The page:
Alea iacta est, grand finale – 2


Alea iacta est, grand finale – 1

All I answered back was: “huh?” The IT manager said he couldn’t help message me because I looked pretty down and depressed, which reminded him of his first time here. He also believed that my workload is more than the other manager who was in my position. Then we started to engage into a conversation.  He used to work at Johnson&Johnson Korea’s e-biz team as a programmer for 7 years.  In J&J his relationship with coworkers were good.  Working here was a culture shock to him – he fought with everyone in the office and had a ton of meeting with director and deputy director. Once he, the other manager, deputy director and director had a meeting, which ended up him saying “look, if she stays here, I’m not going to work.”

The IT manager gave me a great explanation and advice.  For most of the managers who work here, this is their first career, and more than half of them worked here pretty much from the beginning for a long time. Meaning they started from scrap when there was no system or nothing.  Then they all grew into it, so they do not have a clear idea or feel the need to have a nice labor division or work process and defined role.  Of course they are not familiar with how other organization works.  Fortunately, because our IT manager is older and have more career experience than I am, he was able to use some leverage when there is an argument.  But I wouldn’t be able to do the same.  He advised me to shoot whatever the work issue I have directly to the director, and wished me good luck.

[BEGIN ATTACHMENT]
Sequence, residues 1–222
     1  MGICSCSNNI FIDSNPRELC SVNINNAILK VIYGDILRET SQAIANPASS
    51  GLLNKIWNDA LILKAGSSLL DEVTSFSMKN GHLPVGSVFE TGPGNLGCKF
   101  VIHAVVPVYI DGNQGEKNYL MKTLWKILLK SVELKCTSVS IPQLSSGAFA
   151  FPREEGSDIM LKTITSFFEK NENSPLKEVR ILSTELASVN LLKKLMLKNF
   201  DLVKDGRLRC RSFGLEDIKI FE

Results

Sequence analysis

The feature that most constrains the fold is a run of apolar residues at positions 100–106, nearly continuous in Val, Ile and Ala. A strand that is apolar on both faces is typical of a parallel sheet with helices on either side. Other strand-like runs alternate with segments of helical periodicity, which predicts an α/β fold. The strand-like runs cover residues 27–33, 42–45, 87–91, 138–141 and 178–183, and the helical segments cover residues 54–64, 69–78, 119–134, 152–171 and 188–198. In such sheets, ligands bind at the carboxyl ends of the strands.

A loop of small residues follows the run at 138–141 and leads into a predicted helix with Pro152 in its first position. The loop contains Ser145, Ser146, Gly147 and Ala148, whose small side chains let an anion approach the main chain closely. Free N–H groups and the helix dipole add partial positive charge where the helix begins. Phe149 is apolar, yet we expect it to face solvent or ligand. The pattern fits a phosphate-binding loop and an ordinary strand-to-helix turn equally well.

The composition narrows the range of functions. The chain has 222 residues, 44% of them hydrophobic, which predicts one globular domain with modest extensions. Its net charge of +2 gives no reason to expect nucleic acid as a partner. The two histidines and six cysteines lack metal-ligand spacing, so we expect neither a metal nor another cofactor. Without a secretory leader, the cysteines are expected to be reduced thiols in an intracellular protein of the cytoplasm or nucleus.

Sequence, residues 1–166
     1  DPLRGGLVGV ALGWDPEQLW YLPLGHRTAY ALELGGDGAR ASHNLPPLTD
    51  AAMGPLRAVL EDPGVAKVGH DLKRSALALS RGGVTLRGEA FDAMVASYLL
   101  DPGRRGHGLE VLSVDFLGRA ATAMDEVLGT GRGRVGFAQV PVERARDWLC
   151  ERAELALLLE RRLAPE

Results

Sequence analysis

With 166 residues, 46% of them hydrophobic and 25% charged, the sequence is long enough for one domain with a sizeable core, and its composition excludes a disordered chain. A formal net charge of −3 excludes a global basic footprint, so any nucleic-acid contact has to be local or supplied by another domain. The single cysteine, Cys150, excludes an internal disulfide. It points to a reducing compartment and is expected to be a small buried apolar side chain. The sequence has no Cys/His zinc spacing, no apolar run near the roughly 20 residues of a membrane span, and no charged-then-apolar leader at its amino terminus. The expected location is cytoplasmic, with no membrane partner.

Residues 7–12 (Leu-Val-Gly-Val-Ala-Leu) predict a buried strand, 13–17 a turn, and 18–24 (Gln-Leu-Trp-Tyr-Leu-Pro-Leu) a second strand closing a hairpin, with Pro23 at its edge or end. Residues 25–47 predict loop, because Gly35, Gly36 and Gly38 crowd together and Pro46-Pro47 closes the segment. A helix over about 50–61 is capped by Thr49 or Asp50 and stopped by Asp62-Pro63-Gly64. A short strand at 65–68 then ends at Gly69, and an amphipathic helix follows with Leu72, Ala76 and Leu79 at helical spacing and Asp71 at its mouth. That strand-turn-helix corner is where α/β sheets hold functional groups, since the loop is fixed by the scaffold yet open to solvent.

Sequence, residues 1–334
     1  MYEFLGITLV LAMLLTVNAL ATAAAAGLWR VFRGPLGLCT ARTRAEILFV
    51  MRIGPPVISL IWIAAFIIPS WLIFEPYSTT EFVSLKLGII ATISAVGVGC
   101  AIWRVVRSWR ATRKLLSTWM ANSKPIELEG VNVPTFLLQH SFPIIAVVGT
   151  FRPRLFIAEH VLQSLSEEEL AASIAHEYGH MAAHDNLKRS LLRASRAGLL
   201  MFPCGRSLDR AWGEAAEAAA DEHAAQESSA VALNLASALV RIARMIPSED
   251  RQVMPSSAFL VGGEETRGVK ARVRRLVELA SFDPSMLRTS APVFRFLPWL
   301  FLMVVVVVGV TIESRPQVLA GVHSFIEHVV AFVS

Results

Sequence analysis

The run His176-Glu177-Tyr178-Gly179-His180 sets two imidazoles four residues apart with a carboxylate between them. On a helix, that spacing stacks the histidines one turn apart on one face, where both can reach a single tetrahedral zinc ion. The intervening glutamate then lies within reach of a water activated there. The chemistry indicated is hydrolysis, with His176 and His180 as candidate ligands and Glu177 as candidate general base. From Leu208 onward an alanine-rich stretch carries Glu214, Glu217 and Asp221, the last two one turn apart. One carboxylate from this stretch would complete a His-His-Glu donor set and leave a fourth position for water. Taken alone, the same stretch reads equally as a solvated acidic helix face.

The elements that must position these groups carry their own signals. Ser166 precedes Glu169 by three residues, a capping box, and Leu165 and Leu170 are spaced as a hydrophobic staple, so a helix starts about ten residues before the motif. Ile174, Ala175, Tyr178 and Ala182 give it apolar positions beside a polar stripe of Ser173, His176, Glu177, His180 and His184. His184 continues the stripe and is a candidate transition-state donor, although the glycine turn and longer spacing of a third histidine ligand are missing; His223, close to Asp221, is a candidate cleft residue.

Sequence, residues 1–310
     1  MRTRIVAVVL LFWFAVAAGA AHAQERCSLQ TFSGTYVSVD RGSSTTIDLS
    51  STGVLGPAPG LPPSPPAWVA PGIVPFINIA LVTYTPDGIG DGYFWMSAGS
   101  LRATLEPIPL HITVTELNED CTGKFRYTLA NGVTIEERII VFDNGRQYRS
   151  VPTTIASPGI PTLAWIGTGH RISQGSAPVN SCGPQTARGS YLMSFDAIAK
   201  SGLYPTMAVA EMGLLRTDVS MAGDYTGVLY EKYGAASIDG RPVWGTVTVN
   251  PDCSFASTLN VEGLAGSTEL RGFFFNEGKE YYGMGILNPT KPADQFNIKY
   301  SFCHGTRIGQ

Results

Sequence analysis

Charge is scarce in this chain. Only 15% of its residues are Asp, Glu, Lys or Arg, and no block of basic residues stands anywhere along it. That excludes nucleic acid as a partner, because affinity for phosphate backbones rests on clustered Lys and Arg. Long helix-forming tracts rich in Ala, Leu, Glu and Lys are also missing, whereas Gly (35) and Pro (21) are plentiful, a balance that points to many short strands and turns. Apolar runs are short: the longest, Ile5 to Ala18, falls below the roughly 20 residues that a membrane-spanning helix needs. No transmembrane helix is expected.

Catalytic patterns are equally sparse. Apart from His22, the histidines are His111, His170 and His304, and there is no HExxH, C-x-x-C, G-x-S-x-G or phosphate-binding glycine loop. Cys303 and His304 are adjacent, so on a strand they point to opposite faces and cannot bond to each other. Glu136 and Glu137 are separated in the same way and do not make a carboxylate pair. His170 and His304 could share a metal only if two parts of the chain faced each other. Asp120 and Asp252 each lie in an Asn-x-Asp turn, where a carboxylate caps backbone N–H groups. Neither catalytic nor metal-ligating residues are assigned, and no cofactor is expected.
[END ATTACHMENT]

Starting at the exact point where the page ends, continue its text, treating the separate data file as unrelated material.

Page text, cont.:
Okay, so maybe, after all, I was not firm enough.  In addition I was really, really frustrated because they just could not understand me.  So I wrote another e-mail to the director, saying:

– Pardon me but l will write this letter in English because I just can’t sum up my mind in Korean at this point.

– You mentioned a lot about multitasking.  But here’s how I define multitasking.  Say I am a car engineer.  If I am assigned to work on Lexus, BMW and Honda simultaneously, that’s multitasking.  If I am assigned to work on Lexus, Volkswagen AND cook a Michelin three-stars class French cuisine, that’s not a multitasking.  It’s just a bad, planless, inefficient work assignment.

– It’s quiet frustrating that my direct bosses see this matter as a workload problem, not as what it takes to do certain works.  But they have their own viewpoint and I have my own; and it’s impossible to force my pov to them, vice versa.  I think further talk about workload/work quality will end up in parallel so I won’t bring this up again. Thus, it’s pretty much payment raise or no other option for me.

– Please consider that I did the following works with no help from others: conference call with French, assisted program director in meeting with Belgium consulting firm, prepared all-English pt material for the firm, dealt with the representative of foreign school by myself, reviewed your 30 pg journal paper, wrote your speech draft for multiple times.  And, when I was away for a vacation, a coworker didn’t perform a good job in communicating with non-Korean lecturer so I had to clean up the mess.

I also added thank you, and mentioned thanks for your time and such for multiple times in the e-mail. Next morning, my direct supervisors called me for a morning meeting. So I walked in.  Their first question was: “so how much do you think you are worth here?” My initial thoughts were: WHAT THE FUDGE?

To be continued


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